CAIRO (AP) — Egyptian prosecutors presented in court Wednesday a personal home video of a prominent activist's wife dancing as evidence against him in his retrial on charges of protesting and beating a police officer, prompting an outcry from his lawyers that the material was irrelevant and defamatory.
Alaa Abdel-Fattah, a prominent blogger who has been a vocal government critic since mid-2000, was sentenced this summer to 15 years in prison for protesting, the harshest sentence against secular activists amid authorities' crackdown on Islamists. He was granted a retrial last month on charges of organizing an unauthorized protest last November.
Among the evidence presented in court for the first time was a clip of Abdel-Fattah's wife belly dancing, clearly at a private family event. Standing in a double-glazed glass cage, Abdel-Fattah screamed at the court: "This is family stuff!" His voice can hardly be heard because the sound from the cage can only accessed if the judge turns on a microphone.
Wednesday's court session was the first time since Abdel-Fattah stood trial that prosecutors played evidence to the court, filled with journalists, diplomats and family members.
Most of the evidence presented Wednesday consisted of videos clips from private TV stations showing various protests and police chasing unidentified civilians, although no scenes or footage of Abdel-Fattah or any other defendant in the case were shown.
Abdel-Fattah's lawyers said the admission of the home video in court was intended to extort and slander the family by showing that prosecutors have access to their private life.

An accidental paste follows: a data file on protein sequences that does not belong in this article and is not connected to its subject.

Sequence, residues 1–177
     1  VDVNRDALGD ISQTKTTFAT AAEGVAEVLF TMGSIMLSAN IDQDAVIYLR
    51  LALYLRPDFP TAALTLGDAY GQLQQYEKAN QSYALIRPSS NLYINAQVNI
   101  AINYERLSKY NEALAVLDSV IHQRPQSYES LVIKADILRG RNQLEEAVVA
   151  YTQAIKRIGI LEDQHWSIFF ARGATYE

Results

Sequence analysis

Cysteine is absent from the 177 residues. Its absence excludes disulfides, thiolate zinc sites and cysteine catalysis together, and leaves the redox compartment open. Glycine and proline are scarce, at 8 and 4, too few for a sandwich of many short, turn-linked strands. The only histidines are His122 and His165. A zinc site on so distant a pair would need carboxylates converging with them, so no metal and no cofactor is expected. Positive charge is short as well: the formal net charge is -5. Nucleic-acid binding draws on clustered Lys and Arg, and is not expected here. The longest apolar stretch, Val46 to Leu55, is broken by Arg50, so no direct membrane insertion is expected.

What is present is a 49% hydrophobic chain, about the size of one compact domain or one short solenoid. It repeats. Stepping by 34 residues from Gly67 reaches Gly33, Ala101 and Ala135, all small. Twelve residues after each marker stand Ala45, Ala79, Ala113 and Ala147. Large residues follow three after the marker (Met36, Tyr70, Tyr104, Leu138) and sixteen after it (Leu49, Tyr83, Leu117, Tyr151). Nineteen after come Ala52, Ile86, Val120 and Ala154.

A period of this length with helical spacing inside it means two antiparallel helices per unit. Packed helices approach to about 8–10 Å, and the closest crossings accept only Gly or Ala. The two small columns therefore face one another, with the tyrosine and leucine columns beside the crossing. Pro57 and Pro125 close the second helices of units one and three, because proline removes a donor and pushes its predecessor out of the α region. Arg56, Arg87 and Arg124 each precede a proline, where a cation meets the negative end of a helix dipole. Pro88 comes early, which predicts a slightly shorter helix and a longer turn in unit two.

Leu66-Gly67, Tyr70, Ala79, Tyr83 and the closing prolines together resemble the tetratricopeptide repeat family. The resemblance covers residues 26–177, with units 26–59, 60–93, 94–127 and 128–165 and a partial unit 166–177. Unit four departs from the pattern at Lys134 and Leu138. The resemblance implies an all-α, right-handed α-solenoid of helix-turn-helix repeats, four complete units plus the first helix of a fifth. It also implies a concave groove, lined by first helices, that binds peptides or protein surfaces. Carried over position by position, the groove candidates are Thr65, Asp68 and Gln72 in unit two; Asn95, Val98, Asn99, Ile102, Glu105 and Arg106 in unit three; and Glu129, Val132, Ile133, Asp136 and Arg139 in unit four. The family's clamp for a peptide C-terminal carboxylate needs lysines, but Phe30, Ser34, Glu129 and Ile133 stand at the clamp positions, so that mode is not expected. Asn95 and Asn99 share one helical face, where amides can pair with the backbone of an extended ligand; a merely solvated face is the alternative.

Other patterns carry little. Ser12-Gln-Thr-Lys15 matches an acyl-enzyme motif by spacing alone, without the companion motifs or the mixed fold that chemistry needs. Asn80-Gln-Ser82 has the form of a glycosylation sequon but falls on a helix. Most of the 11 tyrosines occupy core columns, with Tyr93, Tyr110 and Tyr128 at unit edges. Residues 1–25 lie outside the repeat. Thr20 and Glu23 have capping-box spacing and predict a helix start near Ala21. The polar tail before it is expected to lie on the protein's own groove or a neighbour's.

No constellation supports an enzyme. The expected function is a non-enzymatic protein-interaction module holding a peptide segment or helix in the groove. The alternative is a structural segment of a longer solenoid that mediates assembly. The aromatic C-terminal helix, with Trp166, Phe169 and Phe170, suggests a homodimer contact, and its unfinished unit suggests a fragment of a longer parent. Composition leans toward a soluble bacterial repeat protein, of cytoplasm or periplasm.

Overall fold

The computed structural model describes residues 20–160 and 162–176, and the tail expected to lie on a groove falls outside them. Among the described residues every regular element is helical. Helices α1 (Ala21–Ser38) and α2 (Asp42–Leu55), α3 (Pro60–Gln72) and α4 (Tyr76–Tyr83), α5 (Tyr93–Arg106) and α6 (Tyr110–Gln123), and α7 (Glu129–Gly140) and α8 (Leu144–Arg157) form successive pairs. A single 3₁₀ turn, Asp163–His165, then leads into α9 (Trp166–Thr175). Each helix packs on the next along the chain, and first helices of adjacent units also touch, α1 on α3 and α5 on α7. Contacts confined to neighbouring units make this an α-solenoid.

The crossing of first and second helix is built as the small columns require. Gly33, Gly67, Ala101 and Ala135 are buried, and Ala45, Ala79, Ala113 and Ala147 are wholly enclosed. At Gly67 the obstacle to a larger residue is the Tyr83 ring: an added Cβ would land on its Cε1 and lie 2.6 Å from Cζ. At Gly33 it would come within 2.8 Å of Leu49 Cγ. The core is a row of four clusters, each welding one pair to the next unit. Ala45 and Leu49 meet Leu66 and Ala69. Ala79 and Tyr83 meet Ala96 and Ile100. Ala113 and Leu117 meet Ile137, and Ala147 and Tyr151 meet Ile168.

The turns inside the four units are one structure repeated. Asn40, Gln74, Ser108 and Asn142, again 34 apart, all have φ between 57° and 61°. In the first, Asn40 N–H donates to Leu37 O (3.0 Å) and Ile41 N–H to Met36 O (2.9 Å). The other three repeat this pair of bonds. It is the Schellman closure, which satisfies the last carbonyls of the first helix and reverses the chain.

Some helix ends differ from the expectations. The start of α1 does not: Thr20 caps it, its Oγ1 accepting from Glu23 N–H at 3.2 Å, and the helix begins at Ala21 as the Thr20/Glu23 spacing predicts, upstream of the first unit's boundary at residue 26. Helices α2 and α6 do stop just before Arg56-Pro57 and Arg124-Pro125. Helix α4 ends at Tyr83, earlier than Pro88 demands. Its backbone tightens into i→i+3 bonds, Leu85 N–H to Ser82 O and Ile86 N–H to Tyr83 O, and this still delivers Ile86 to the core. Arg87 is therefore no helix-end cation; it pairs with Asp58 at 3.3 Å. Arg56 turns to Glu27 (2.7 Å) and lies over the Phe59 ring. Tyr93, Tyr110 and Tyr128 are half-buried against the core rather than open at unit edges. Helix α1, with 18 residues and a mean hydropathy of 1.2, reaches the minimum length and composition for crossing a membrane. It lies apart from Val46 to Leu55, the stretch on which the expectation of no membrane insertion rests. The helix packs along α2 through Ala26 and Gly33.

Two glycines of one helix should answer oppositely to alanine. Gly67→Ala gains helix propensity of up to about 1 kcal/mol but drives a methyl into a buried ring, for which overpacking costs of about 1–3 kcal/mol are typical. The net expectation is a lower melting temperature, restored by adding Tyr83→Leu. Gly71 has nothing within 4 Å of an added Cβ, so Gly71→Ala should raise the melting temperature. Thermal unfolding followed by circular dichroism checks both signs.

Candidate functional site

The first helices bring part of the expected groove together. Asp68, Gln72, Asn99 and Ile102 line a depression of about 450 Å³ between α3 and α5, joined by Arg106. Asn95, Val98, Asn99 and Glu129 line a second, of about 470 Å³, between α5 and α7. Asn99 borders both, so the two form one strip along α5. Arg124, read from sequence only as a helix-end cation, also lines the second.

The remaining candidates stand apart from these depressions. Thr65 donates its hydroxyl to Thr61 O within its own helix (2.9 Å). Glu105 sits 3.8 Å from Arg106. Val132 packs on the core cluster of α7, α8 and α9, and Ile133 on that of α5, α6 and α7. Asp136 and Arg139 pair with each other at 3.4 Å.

Taher Abul-Nasr, the lead defense lawyer, told the court the video was taken from the computer of Abdel-Fattah's wife which was seized from their home without a search warrant. Abdel-Fattah was arrested at home days after the protest.
"What is the aim of showing this in court? How did the prosecution see this as related to the charges" against Abdel-Fattah.
The prosecutor told the court it was up to the judge to decide whether to admit it. Abdel-Fattah is accused of beating a police officer and stealing his walkie-talkie, a charge he denied.
Another defense lawyer, Mohammed Abdel-Aziz, said there was no reason for the prosecution to play the clip. "Is the video a call to protest?" he said. "This is extortion and we fear they could leak this to the internet."
Abdel-Fattah's mother, university professor and prominent activist Leila Soueif, said the case against her son is part of a campaign "to break the spirit" of youth activists and protesters who are vocal critics of the government.
Abdel-Fattah has been on hunger strike for over three weeks to protest his continued detention. His two sisters, one of whom is also imprisoned and facing trial also for protesting, are on hunger strike, along with his mother, to call for their release and the abolishing of the anti-protest law.
The government says the law is necessary to stem unrest amid a rising wave of violence. On Wednesday, the interior ministry said police arrested 22 people on suspicion of carrying out attacks on police officers and the country's electricity infrastructure.